Projects per year
Long before the civil rights movement, African American and white Catholics in Virginia had faced mistrust and even animosity for their religious beliefs from elements of the white Protestant majority. Unwilling to ignite further hostility, the Catholic Church accommodated to Jim Crow in the Old Dominion by operating separate churches and schools for blacks and whites as well as segregated hospitals. But under Bishop Peter L. Ireton (1945–58) the state’s Catholic hierarchy gradually aligned itself behind the integration goals of the emerging civil rights movement, while his successor Bishop John J. Russell (1958–73) championed desegregation of both Catholic and secular institutions. Although the hierarchy’s policies and statements, and supportive action by Catholic Interracial Councils, gave the appearance of strong Catholic support for desegregation, many priests and white laity were indifferent or hostile toward the drive for racial equality. Often lacking attachment to de jure segregation, northern Catholic migrants to northern Virginia and to the state’s military bases partly offset indigenous white Catholic opposition to desegregation. Yet, the relocation of many whites, Catholic and otherwise, to the suburbs in the 1960s and early 1970s left many black and white Catholics as separated by geography as they had once been by diocesan policy. Opposed to discrimination within and without the Catholic Church, many African American Catholics also felt unwelcome among white Catholics and wanted to preserve black Catholic schools and churches as community institutions, while making them more attuned to African American cultural and religious forms.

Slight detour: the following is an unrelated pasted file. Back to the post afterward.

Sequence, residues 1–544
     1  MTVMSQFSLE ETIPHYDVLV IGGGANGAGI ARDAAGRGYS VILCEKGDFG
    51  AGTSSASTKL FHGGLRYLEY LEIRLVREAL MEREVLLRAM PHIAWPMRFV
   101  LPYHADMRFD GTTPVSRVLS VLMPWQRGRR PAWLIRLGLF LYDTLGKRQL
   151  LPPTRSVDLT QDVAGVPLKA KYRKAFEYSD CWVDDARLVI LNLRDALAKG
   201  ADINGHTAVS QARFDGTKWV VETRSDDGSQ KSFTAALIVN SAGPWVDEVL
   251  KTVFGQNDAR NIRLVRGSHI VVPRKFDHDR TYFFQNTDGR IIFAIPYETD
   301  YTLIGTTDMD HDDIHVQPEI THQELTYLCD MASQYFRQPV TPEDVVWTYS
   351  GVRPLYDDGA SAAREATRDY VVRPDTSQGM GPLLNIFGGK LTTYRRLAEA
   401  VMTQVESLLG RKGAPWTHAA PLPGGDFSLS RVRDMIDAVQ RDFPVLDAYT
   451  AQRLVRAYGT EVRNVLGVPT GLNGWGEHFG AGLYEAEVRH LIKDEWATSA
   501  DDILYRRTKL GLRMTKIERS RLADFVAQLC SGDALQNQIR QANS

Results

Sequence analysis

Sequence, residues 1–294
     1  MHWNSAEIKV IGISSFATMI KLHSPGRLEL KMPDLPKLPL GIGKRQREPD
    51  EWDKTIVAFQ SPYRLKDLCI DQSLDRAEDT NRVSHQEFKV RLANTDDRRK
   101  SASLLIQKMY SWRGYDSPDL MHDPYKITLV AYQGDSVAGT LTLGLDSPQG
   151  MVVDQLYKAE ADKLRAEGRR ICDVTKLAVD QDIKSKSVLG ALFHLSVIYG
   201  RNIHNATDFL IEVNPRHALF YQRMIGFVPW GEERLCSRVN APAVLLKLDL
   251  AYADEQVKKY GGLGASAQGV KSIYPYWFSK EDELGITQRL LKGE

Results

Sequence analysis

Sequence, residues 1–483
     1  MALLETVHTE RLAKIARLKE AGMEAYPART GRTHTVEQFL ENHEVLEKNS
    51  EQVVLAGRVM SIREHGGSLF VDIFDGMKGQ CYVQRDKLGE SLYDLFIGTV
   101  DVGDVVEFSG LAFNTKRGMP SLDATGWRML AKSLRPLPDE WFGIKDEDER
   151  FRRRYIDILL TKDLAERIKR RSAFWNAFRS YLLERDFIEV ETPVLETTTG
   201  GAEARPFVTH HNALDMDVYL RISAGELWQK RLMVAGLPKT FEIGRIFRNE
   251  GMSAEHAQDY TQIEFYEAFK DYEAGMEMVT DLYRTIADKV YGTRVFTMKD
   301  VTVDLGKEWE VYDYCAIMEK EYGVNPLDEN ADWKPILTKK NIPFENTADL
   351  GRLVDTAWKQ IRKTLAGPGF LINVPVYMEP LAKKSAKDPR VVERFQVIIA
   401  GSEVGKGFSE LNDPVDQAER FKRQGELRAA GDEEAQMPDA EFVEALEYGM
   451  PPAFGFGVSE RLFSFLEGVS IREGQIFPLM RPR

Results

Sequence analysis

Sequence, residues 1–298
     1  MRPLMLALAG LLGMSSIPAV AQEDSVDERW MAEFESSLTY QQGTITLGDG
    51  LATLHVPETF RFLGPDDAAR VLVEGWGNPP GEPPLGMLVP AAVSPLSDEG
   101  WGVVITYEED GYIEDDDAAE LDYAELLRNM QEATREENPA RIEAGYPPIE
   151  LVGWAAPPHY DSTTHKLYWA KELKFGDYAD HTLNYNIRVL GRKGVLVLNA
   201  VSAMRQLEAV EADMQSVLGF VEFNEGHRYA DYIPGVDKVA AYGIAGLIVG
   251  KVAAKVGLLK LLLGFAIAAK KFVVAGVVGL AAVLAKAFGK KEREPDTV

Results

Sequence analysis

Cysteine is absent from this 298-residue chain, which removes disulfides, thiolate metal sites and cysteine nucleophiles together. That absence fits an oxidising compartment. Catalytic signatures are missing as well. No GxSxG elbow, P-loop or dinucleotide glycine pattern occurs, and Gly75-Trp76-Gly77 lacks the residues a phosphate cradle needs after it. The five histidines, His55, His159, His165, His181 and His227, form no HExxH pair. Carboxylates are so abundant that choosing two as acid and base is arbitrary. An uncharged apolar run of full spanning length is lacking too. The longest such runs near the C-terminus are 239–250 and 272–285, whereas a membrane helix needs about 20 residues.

|Number of pages||32|
|Journal||Virginia Magazine of History and Biography|
|Publication status||Published - 1 Jan 2009|